Things Christians Must Hate
Some mistakenly believe that Christians must not hate! To a degree, they are right! Christians are not to be hostile, cruel, unkind or rude to others. To do so, is to be hateful, which violates plain passages of scripture (Eph. 4:32; 1 Cor. 13:4; Col. 3:12-14; 2 Pet. 1:7).
Webster’s Dictionary defines the word hate in the noun form as: “(1) a: intense hostility and aversion usually deriving from fear, anger, or sense of injury; b: extreme dislike or antipathy. (2) An object of hatred.”
The verb form of the word is defined this way: “(1) To feel extreme enmity toward – hates his country’s enemies (2) To have a strong aversion to: find very distasteful – hated to have to meet strangers – hate hypocrisy; intransitive senses: to express or feel extreme enmity or active hostility.”
But, what must a Christian hate? Let us go to God’s Word to find out! Consider these passages: (1) “These six things doth the LORD hate: yea, seven are an abomination unto him: A proud look, a lying tongue, and hands that shed innocent blood, An heart that deviseth wicked imaginations, feet that be swift in running to mischief, A false witness that speaketh lies, and he that soweth discord among brethren” (Prov. 6:16-19). To be Godly, we must hate these six things and cast these out of our own lives, especially!
(2) The prophet Amos wrote, “Seek good, and not evil, that ye may live: and so the LORD, the God of hosts, shall be with you, as ye have spoken. Hate the evil, and love the good, and establish judgment in the gate: it may be that the LORD God of hosts will be gracious unto the remnant of Joseph” (Amos 5:14, 15).
(3) The Psalmist David wrote, “Through thy precepts I get understanding: therefore I hate every false way” (Psa. 119:104); “Therefore I esteem all thy precepts concerning all things to be right; and I hate every false way” (Psa. 119:128). The word of God forever establishes what is evil and what is good; what is right and what is wrong. Man is not the standard (cf. Isa. 55:8, 9).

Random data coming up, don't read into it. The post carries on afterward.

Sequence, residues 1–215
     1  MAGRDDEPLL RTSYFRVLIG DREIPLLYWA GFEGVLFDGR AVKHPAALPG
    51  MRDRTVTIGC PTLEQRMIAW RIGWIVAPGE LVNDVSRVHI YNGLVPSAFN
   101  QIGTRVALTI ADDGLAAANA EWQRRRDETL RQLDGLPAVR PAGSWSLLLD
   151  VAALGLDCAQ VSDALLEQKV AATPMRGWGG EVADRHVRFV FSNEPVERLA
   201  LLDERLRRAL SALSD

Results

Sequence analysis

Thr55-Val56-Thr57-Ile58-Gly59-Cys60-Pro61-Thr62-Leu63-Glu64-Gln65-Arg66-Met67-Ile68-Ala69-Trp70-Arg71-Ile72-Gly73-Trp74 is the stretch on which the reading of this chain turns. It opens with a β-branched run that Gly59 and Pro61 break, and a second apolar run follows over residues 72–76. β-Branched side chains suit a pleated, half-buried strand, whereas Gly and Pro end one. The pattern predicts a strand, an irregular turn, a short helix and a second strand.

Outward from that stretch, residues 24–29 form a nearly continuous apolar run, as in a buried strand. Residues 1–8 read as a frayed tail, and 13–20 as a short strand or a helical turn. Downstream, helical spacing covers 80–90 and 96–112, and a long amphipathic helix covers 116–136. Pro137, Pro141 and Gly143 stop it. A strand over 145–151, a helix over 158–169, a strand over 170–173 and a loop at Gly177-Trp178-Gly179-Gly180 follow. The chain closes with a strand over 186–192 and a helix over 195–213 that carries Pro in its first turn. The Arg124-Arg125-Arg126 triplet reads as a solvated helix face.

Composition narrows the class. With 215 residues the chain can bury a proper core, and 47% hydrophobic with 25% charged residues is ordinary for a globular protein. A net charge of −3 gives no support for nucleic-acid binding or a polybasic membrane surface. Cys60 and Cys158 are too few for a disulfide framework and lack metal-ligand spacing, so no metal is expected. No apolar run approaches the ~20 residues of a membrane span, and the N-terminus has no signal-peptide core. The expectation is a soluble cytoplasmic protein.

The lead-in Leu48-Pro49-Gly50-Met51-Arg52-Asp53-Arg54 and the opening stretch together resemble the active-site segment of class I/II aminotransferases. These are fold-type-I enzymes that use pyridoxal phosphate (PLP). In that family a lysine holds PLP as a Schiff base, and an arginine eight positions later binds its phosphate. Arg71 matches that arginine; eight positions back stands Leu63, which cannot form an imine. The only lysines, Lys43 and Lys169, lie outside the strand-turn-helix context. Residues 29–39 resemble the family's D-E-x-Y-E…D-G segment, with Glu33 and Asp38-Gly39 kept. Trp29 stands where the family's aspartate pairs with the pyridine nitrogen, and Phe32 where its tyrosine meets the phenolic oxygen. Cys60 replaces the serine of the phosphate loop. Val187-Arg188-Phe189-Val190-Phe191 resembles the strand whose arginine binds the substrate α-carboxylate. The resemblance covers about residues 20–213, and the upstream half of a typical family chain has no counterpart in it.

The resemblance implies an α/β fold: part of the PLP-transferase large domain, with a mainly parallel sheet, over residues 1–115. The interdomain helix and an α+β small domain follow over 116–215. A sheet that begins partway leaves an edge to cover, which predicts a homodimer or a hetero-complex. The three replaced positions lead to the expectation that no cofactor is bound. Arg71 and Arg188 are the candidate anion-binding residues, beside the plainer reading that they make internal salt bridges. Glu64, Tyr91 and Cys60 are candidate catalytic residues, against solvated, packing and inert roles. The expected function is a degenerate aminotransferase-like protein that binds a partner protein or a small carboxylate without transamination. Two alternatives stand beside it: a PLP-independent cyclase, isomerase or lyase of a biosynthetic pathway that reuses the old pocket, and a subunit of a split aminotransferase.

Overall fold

(4) “I hate vain thoughts: but thy law do I love” (Psa. 119:113). Let our thoughts be as the apostle Paul commanded: “Finally, brethren, whatsoever things are true, whatsoever things are honest, whatsoever things are just, whatsoever things are pure, whatsoever things are lovely, whatsoever things are of good report; if there be any virtue, and if there be any praise, think on these things” (Phil. 4:8).
(5) “I hate and abhor lying: but thy law do I love” (Psa.119:163). Of liars, the apostle John wrote, “But the fearful, and unbelieving, and the abominable, and murderers, and whoremongers, and sorcerers, and idolaters, and all liars, shall have their part in the lake which burneth with fire and brimstone: which is the second death” (Rev. 21:8). Numerous New Testament passages condemn lying (cf. Acts 5:1-11; Jn. 8:44; Rom. 1:25; Col. 3:9; Rev. 22:15).
(6) “The fear of the LORD is to hate evil: pride, and arrogancy, and the evil way, and the froward (perverted-tgm) mouth, do I hate” (Prov. 8:13). Consider the parable of the proud Pharisee of Luke 18:9-14 (cf. Matt. 18:1-6). Peter wrote, “Likewise, ye younger, submit yourselves unto the elder. Yea, all of you be subject one to another, and be clothed with humility: for God resisteth the proud, and giveth grace to the humble. Humble yourselves therefore under the mighty hand of God, that he may exalt you in due time: Casting all your care upon him; for he careth for you” (1 Pet. 5:5-7). Consider James’ teaching on the tongue in James 3.